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Monte Cook and Sean K. Reynolds
Wizards of the Coast, 224 pages

Monte Cook
Monte Cook is a graduate of the 1999 Clarion West writer's workshop. He has published two novels, The Glass Prison and Of Aged Angels. Also, he has contributed stories to Amazing Stories, Realms of Mystery, and Realms of the Arcane. As a senior game designer with Wizards of the Coast, he wrote the new Dungeon Master's Guide and served as co-designer of the new edition of the Dungeons & Dragons game.

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Sean K. Reynolds

Sean K. Reynolds grew up in southern California and went to college in Riverside. He received a bachelor's degree in chemistry and then went to work for a CD-ROM/video game company. In 1995, he moved to Wisconsin to be the webmaster/online coordinator for TSR andlater Wizards of the Coast. He took a job in their game design department in the spring of 1998 and left in 2002.

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Past Feature Reviews
A review by Craig Shackleton

The premise of the Ghostwalk campaign setting is that the city of Manifest is located at the gateway to the afterlife, and that the ghosts of the dead manifest there in physical form. This allows players to continue to play their characters as ghosts after they die.

While this is not an entirely new concept, it does have a refreshing tone for an afterlife/undead role-playing game. It does not have as much angst and darkness as other similar games have. In fact, Ghostwalk makes the unusual distinction that ghosts are not undead per se, merely once living souls in a new form. Actual undead are portrayed as an abomination against the natural state of being a ghost.

The upbeat tone does have a downside. Ghostwalk presents being a ghost as mostly advantageous, especially in the city of Manifest. It is also easier to return from the dead in Manifest than in most D&D settings. The consequences of death are trivialized to the point that characters are encouraged to occasionally intentionally kill themselves to gain the benefits of being a ghost. This tone is disturbing at times.

Ghostwalk presents game mechanics and statistics, as well as campaign and adventure information and setting material for the Manifest and the surrounding area. These are intended to be used either in part or as a whole, as the reader sees fit. Guidelines are given for fitting the various parts into an existing game setting.

The rules presented for playing a ghost are pretty solid and offer a good deal of variety to the players. The distinction between ghosts and undead is a little odd, especially if taken outside of the setting. There are new feats and magic items, and new ways to use existing skills. Some of this material is reprinted form other sources, but it all fits well, and there are only a few bits from each of a number of different resources.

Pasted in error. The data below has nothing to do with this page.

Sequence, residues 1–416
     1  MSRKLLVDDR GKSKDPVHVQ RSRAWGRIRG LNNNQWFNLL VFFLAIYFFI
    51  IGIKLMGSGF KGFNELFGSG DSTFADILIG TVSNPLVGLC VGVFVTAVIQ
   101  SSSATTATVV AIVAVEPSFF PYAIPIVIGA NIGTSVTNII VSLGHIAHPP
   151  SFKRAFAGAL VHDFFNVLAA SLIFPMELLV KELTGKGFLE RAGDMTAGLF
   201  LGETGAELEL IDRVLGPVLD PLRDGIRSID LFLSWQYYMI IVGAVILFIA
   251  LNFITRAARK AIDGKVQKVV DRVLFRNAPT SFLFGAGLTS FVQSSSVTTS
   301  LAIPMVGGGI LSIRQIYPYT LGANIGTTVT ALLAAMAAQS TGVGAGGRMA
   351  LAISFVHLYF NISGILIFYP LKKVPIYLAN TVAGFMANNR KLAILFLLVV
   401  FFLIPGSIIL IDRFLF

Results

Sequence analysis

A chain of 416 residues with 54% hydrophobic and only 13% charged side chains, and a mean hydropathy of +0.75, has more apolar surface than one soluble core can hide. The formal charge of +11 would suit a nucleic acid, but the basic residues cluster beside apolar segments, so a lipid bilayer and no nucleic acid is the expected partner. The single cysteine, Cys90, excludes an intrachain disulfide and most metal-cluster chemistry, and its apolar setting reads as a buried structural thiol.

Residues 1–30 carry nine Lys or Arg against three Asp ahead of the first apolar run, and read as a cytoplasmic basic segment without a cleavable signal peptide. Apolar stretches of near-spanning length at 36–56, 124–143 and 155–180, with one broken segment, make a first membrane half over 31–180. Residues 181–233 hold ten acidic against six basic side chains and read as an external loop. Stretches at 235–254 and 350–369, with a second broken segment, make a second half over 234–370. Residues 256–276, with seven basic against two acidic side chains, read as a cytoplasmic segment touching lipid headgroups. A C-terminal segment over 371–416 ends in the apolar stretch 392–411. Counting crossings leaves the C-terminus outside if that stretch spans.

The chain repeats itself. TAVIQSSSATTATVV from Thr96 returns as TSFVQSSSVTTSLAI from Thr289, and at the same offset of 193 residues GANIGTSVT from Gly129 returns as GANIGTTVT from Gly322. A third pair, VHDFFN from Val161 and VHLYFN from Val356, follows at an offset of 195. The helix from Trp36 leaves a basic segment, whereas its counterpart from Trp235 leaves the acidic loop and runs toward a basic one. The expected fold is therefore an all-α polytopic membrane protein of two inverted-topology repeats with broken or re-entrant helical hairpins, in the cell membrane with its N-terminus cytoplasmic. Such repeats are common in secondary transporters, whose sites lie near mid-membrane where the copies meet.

The adventures presented are varied and individually well thought out. Although they are only connected to each other by the setting, they could easily be worked together into a campaign. There is a nice balance of location-based adventures and event-driven storylines.

The setting material is the real gem. The game world is diverse and interesting, with lots of believable conflict, but is simple enough to pick up and use quickly. Some parts are stronger than others. The country of Bazareene where the children of nobles are magically altered in the womb to be more powerful sorcerers springs to mind as one of the more interesting, whereas Tereppek, where everyone lives in a peaceful state of educated enlightenment seems a little dull.

Ghostwalk gives some new cultural motivations and background to dwarves, elves and yuan-ti. None of them are significantly changed from standard D&D, but they are given interesting twists. The yuan-ti are one of the major threats in the setting, locked in a grim war with the elves. The dwarves of manifest are the self-appointed guardians of the gateway to the afterlife.

There are two problematic quirks with Ghostwalk. The first is that it was released at almost the same time as the new D&D core rules. Ghostwalk follows the older version of the rules, and there is no conversion information at this time. The second is that there is no world map for the Ghostwalk setting. The geography is explained in enough detail to make your own map with a little work, the text clearly assumes that the map is provided. Either or both of these problems may be remedied by a web-enhancement in the future but it is not available yet.

Overall, Ghostwalk is a good product that provides exactly what it advertises. Many people will use parts of it for their existing games or mix it with other material they have. Its best value though is that it gives a good framework for an entire stand-alone campaign. Everything is there, setting, characters and plot, it just needs to be fleshed out to fill in the blanks.

Copyright © 2003 Craig Shackleton

Craig Shackleton tries not to let real life interfere with his role-playing games or his historical sword-fighting any more than it has to.

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